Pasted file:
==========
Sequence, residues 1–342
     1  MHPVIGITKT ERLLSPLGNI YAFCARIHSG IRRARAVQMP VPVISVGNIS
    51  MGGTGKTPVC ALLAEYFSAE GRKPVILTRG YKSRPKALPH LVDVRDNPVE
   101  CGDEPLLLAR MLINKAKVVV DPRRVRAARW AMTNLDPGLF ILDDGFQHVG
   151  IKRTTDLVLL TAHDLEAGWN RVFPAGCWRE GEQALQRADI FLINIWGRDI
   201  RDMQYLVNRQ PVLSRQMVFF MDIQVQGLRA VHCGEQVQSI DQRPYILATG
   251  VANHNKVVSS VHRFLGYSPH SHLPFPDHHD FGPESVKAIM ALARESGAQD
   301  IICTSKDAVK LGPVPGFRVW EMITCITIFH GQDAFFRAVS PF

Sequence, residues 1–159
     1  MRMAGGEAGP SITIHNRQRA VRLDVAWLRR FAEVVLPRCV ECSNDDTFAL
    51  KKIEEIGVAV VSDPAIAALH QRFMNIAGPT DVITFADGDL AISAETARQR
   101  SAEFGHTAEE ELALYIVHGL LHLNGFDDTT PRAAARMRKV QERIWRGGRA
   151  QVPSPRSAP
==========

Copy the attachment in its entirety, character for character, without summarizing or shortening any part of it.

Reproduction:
Sequence, residues 1–342
     1  MHPVIGITKT ERLLSPLGNI YAFCARIHSG IRRARAVQMP VPVISVGNIS
    51  MGGTGKTPVC ALLAEYFSAE GRKPVILTRG YKSRPKALPH LVDVRDNPVE
   101  CGDEPLLLAR MLINKAKVVV DPRRVRAARW AMTNLDPGLF ILDDGFQHVG
   151  IKRTTDLVLL TAHDLEAGWN RVFPAGCWRE GEQALQRADI FLINIWGRDI
   201  RDMQYLVNRQ PVLSRQMVFF MDIQVQGLRA VHCGEQVQSI DQRPYILATG
   251  VANHNKVVSS VHRFLGYSPH SHLPFPDHHD FGPESVKAIM ALARESGAQD
   301  IICTSKDAVK LGPVPGFRVW EMITCITIFH GQDAFFRAVS PF

Sequence, residues 1–159
     1  MRMAGGEAGP SITIHNRQRA VRLDVAWLRR FAEVVLPRCV ECSNDDTFAL
    51  KKIEEIGVAV VSDPAIAALH QRFMNIAGPT DVITFADGDL AISAETARQR
   101  SAEFGHTAEE ELALYIVHGL LHLNGFDDTT PRAAARMRKV QERIWRGGRA
   151  QVPSPRSAP